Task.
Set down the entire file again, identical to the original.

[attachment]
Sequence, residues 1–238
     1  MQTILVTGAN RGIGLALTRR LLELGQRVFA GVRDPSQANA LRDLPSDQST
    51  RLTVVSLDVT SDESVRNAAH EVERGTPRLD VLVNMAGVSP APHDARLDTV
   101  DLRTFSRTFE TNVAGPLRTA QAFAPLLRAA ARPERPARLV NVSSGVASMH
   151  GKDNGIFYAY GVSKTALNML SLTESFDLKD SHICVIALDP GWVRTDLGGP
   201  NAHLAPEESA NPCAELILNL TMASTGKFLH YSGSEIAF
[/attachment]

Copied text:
Sequence, residues 1–238
     1  MQTILVTGAN RGIGLALTRR LLELGQRVFA GVRDPSQANA LRDLPSDQST
    51  RLTVVSLDVT SDESVRNAAH EVERGTPRLD VLVNMAGVSP APHDARLDTV
   101  DLRTFSRTFE TNVAGPLRTA QAFAPLLRAA ARPERPARLV NVSSGVASMH
   151  GKDNGIFYAY GVSKTALNML SLTESFDLKD SHICVIALDP GWVRTDLGGP
   201  NAHLAPEESA NPCAELILNL TMASTGKFLH YSGSEIAF